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S A L T M O D

S A L T M O D

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S A L T M O D

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  1. A computer program for the prediction of the salinity of soil moisture, ground water and drainage water, the depth of the water table, and the drain discharge in irrigated agricultural lands, using different (geo)hydrologic conditions, varying water management options, including the use of ground water for irrigation, and several cropping rotation schedules. S A L T M O D

  2. Design requirements of Saltmod • The model should be simple and it should not require a PhD degree to operate it. • The input data should be readily available or relatively easy to obtain. • The model should be able to integrate agricultural, irrigation and drainage practices. • The results can be checked by hand. • The data can be imported into spreadsheet (e.g. Excel) for further analysis.

  3. In the soil profile we recognise 4 reservoirs: • 1 On top of soil surface • 2 Root zone/Evapotranspiration zone • 3 Transition zone • 4 Aquifer • Salt and water balances are made for each reservoir: • Inflow = outflow + change in storage

  4. Seasons • Maximum 4 agricultural seasons • Maximum 3 types of land use per season • (A, B, U) to be defined by user. • Example Garmsar, 3 seasons • Nov-Apr A=wheat+barley 30% • B=0, U=70% (no irrigation) • May-Aug A=cotton (20%) B=melon (10%) • U=70% (no irrigation) • Sept-Oct A=0, B=0, U=100%

  5. Crop rotations • Together with previous cropping data, the crop rotations must be specified. • Rotation code Kr = 0, 1, 2, 3, 4 0 = no crop rotation (fixed areas e.g. Sugarcane, orchards) 4 = full rotation (no fixed areas) 1 = fallow area is fixed, permanent, other crops have full rotation • Etcetera • In Garmsar use Kr=4

  6. The irrigation water can incorporate re-use of groundwater and drainage water

  7. The complex capillary rise function is simplified and only critical depth Dc of water table is used, depending on soil type

  8. Characteristics of drainage systems are introduced in a simple way using well known drain spacing equations. For details see manual.

  9. Leaching of salts occurs as an exponential depletion curve

  10. Example of partition of fallow land (U) into permanent fallow (Uc) and temporary fallow (U-Uc) when Kr = 1.Pooling of percolation/leaching (L) and capillary rise (R) in the part of the area that is under full rotation

  11. The salinity of the topsoil decreases rapidly (good leaching).Salinity of transition zone first increases slightly, then decreases.Salinity of the aquifer shows slow reaction.

  12. Saltmod calculates average salinity and an empirical frequency distribution is used to characterise spatial variation

  13. Case study Egypt Saltmod was used in Egypt see if drainage systems could be made less expensive. However, the leaching efficiency of salts was not known. It had to be found by trials with the model (calibration). Various leaching efficiencies were tried: 20%, 40%, 60%, 80% etc. The salinity results were compared to actually measured results and the true efficiency could be found (next slide).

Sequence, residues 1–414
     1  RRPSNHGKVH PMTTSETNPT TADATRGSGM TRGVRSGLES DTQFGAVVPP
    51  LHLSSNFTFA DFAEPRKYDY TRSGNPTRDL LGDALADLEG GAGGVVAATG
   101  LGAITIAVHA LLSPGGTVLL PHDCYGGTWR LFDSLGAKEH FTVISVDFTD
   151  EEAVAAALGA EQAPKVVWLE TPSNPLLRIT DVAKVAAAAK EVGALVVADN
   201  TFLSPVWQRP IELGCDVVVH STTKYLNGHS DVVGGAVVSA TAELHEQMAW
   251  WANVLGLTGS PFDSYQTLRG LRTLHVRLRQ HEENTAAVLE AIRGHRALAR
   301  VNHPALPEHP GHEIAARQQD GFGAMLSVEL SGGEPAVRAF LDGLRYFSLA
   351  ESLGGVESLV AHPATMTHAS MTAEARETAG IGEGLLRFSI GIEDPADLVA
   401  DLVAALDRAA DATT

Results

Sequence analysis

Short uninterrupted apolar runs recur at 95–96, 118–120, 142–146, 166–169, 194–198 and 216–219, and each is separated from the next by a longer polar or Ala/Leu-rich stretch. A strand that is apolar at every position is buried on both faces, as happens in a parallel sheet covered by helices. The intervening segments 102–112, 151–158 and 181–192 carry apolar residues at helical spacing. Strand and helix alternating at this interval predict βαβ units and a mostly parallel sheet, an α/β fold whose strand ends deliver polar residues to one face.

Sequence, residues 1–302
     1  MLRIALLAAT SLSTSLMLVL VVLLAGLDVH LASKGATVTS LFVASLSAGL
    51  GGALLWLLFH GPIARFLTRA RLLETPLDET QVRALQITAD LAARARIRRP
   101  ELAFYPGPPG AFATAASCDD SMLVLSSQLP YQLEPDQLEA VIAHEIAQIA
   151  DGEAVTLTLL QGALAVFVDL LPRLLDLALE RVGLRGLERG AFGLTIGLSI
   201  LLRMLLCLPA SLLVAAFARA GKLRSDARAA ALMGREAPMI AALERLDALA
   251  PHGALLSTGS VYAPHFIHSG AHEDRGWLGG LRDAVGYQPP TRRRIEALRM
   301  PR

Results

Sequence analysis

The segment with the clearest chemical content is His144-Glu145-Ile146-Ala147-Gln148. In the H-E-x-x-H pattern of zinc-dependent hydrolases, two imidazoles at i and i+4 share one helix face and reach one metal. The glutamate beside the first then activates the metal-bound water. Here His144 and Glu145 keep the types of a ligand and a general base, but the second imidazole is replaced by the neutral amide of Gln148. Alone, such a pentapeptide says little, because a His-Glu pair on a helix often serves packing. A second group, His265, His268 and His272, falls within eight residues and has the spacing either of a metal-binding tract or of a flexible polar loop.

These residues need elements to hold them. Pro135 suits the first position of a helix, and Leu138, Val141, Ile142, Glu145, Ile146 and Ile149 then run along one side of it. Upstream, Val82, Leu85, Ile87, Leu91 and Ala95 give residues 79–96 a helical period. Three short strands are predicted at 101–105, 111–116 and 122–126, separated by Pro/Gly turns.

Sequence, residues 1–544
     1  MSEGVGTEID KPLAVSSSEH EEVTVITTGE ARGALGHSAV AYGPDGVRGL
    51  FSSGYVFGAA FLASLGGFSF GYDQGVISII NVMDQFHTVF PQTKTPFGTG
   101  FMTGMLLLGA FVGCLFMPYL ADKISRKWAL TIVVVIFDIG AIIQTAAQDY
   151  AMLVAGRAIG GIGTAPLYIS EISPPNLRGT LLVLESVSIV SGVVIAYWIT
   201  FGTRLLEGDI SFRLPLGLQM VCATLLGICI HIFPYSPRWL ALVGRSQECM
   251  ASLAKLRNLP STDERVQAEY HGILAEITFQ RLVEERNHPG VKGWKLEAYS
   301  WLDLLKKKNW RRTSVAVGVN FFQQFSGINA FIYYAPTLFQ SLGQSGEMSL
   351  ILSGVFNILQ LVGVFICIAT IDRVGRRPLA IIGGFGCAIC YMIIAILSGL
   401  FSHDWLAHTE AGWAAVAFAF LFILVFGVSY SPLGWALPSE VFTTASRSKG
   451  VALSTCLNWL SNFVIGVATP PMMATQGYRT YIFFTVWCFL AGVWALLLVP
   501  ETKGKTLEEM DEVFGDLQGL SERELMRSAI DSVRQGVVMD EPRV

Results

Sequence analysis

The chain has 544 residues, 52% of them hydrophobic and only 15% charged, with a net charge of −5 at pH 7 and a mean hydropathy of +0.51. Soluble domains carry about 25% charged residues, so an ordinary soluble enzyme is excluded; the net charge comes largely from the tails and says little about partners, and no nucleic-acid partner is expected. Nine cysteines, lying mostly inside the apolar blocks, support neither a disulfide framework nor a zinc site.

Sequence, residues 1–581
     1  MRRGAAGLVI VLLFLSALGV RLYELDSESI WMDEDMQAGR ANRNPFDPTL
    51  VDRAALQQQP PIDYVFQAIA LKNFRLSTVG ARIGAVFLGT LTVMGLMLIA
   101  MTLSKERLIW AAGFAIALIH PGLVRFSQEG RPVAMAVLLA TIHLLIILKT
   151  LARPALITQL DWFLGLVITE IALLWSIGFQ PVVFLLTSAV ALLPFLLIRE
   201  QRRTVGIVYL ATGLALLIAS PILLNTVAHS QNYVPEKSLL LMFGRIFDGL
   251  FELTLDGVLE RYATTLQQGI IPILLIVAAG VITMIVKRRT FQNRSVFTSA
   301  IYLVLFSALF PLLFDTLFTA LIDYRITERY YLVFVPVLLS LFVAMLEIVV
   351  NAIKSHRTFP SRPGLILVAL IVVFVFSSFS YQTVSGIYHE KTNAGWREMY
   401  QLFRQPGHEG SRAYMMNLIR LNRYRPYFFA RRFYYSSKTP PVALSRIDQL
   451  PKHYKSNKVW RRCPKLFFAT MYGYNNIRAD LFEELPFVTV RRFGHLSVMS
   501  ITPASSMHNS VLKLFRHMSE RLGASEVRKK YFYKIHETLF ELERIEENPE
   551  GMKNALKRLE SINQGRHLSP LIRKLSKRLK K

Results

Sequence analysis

14. Conclusion • The leaching efficiency (FLr) is definitely greater than 0.6, because smaller values give results that deviate too much from the observed values. • Flr is definitely smaller than 1 for the same reason. • The true Flr is about 0.8 • A small error of Flr in the range between 0.7 and 0.8 does not have too much influence on soil salinity, so OK.

  15. Calibrating groundwater flow • As the groundwater flow was unknown it had to be found by calibration • Previous reports indicated that no upward seepage occurs but rather some natural drainage through the underground • Therefore trials were made with annual values of natural drainage Gn = 0.0, 0.07, 0.14, 0.21 and 0.28 m • The results are shown in the next table.

  16. Observed values: • Depth of water table: Dw 1st season (summer) 1.0 – 1.1 m Dw 2nd season (winter) 1.2 – 1.3 m • Drain discharge: Gd 1st season 100 – 150 mm Gd 2nd season 50 – 100 mm • Compare with previous slide and conclude that the natural drainage (Gn) to the underground should be between 0.70 and 0.21 m/year.

  17. Conclusion • The value of natural drainage Gn cannot be determined with great precision due to variation of data, but it cannot be less than 0.07 and more than 0.21 m/year • We will accept the average Gn=0.14 as the true value. • Herewith Gn is determined by the model and the model is calibrated.

  18. Simulating drain depth Question: Is it justified to use in practice drain depths of 1.0 m instead of standard practice 1.4 m so that savings can be made on installation costs ?

  19. Simulating effects of drain depth

  20. Field measurements showed that most crops have no yield reduction when the depth of water table is 0.6 m. Why make it deeper?

  21. Conclusion The previous table shows that with drain depth = 1.0 m: • the depth of the water table is OK • the soil salinity is slightly higher, but OK • the irrigation efficiency is slightly better • the irrigation sufficiency is slightly better